Gregory D., Russell C.K. & Phillips L.R. (1997). Beyond textual perfection: Transcribers as vulnerable persons. Qualitative Health Research, 7(2), 294300. Available from http://doi.org/10.1177/104973239700700209.
Higginson I.J. (1999). Evidence-based palliative care: There is some evidence—and there needs to be more. British Medical Journal, 319, 462463. Available from http://dx.doi.org/10.1136/bmj.319.7208.462.
Johnson B. & Clarke J.M. (2003). Collecting sensitive data: The impact on researchers. Qualitative Health Research, 13(3), 421434. Available from http://doi.org/10.1177/1049732302250340.
Koenig B.A., Back A.L. & Crawley L.M. (2003). Qualitative methods in end-of-life research: Recommendations to enhance the protection of human subjects. Journal of Pain and Symptom Management, 25(4), S43S52. Available from http://doi.org/10.1016/S0885-3924(03)00060-5.
Lalor J.G., Begley C.M. & Devane D. (2006). Exploring painful experiences: Impact of emotional narratives on members of a qualitative research team. Journal of Advanced Nursing, 56(6), 607616. Available from http://doi.org/10.1111/j.1365-2648.2006.04039.x.
Lee R.M. (1993). Doing research on sensitive topics. London: Sage.
Levac D., Colquhoun H. & O'Brien K.K. (2010). Scoping studies: Advancing the methodology. Implementation Science, 5(1), 69. Available from http://doi.org/10.1186/1748-5908-5-69.
Lorenz K.A., Lynn J., Dy S.M., et al. (2008). Evidence for improving palliative care at the end of life: A systematic review. Annals of Internal Medicine, 148(2), 147159. Available from http://doi.org/10.7326/0003-4819-148-2-200801150-00010.
Moher D., Liberati A., Tetzlaff J., et al. (2009). Preferred reporting items for systematic reviews and meta-analyses: The PRISMA statement. Annals of Internal Medicine, 151(4), 264269. Available from http://doi.org/10.7326/0003-4819-151-4-200908180-00135.
Newbury J. (2011). Reflexivity in a study of family carers in home palliative care: A personal account. Nurse Researcher, 19(1), 3036. Available from http://doi.org/10.7748/nr2011.10.19.1.30.c8769.
Nordentoft H.M. & Kappel N. (2011). Vulnerable participants in health research: Methodological and ethical challenges. Journal of Social Work Practice, 25(3), 365376. Available from http://doi.org/10.1080/02650533.2011.597188.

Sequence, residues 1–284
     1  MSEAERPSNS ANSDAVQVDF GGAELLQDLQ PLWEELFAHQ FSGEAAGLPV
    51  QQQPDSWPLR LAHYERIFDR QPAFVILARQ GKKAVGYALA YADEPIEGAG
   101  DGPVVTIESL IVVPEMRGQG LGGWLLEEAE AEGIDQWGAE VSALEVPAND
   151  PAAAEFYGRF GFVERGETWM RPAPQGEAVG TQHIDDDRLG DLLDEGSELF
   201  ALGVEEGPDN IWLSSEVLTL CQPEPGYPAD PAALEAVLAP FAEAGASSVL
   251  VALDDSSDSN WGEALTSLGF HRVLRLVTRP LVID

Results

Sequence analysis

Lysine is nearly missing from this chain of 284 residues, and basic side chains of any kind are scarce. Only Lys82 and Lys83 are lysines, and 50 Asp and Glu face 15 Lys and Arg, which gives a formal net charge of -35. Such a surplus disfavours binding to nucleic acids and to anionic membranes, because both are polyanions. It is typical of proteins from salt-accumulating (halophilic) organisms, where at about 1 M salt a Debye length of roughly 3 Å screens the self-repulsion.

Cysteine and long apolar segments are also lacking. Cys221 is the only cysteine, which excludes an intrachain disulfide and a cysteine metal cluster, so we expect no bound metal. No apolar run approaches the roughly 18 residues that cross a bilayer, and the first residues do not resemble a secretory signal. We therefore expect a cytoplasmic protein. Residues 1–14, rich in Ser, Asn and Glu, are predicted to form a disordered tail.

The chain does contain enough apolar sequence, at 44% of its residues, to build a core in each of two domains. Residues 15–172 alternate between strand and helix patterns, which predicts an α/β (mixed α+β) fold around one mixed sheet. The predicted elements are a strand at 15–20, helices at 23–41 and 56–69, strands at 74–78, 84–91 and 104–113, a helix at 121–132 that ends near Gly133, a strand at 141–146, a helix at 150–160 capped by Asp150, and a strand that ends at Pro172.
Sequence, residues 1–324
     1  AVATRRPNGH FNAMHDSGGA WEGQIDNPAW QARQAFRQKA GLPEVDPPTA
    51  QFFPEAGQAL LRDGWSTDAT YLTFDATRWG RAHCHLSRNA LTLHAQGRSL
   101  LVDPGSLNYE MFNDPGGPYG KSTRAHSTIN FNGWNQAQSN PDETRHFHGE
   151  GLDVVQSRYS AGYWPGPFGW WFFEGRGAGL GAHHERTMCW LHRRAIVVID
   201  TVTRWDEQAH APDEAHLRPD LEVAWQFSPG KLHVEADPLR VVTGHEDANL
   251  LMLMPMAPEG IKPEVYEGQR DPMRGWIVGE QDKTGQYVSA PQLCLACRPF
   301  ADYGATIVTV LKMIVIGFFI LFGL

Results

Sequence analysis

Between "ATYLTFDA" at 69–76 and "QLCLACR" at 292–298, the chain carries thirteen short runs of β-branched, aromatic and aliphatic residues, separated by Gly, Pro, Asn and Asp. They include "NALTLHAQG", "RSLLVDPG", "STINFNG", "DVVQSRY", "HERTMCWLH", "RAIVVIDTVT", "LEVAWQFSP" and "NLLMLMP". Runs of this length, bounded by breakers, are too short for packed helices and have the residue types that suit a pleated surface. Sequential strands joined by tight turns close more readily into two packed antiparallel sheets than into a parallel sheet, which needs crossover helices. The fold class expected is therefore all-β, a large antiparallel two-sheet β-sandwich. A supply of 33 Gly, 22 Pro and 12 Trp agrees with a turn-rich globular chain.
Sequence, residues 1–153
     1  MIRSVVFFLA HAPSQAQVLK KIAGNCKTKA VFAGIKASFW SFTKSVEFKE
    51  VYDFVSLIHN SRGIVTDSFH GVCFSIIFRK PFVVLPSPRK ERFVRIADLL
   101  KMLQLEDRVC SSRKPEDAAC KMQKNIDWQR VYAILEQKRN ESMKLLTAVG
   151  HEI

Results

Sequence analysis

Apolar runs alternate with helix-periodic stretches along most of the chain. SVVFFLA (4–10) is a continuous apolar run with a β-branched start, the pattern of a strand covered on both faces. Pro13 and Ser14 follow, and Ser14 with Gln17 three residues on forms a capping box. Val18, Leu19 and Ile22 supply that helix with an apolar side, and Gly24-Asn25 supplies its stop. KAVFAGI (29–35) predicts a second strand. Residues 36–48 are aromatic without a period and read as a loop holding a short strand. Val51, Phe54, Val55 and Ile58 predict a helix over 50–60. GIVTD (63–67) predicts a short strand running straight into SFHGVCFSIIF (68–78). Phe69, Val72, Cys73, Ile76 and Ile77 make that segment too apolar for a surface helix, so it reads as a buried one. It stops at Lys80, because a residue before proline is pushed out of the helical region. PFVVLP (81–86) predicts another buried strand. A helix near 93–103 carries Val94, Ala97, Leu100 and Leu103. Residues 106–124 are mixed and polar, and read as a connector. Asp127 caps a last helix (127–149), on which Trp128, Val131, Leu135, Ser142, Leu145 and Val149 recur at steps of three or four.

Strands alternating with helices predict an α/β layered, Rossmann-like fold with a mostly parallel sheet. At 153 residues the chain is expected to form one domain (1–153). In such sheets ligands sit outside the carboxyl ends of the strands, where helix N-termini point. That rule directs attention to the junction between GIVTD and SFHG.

Price J. & Nicholl H. (2013). Interviewing parents for qualitative research studies: Using an ABCD model to manage the sensitivities and issues. Child Care in Practice, 19(2), 199213. Available from http://doi.org/10.1080/13575279.2012.743870.
Rager K.B. (2005 a). Compassion stress and the qualitative researcher. Qualitative Health Research, 15(3), 423430. Available from http://doi.org/10.1177/1049732304272038.
Rager K.B. (2005 b). Self-care and the qualitative researcher: When collecting data can break your heart. Educational Researcher, 34(4), 2327. Available from http://doi.org/10.3102/0013189X034004023.
Steinhauser K.E. & Barroso J. (2009). Using qualitative methods to explore key questions in palliative care. Journal of Palliative Medicine, 12(8), 725730. Available from http://doi.org/10.1089=jpm.2009.9580.
Woodby L.L., Williams B.R., Wittich A.R., et al. (2011). Expanding the notion of researcher distress: The cumulative effects of coding. Qualitative Health Research, 21(6), 830838. Available from http://doi.org/10.1177/1049732311402095.
Recommend this journal

Email your librarian or administrator to recommend adding this journal to your organisation's collection.

Palliative & Supportive Care
  • ISSN: 1478-9515
  • EISSN: 1478-9523
  • URL: /core/journals/palliative-and-supportive-care
Please enter your name
Please enter a valid email address
Who would you like to send this to? *
×

Keywords:

Metrics

Altmetric attention score

Full text views

Total number of HTML views: 6
Total number of PDF views: 56 *
Loading metrics...

Abstract views

Total abstract views: 312 *
Loading metrics...

* Views captured on Cambridge Core between September 2016 - 24th January 2018. This data will be updated every 24 hours.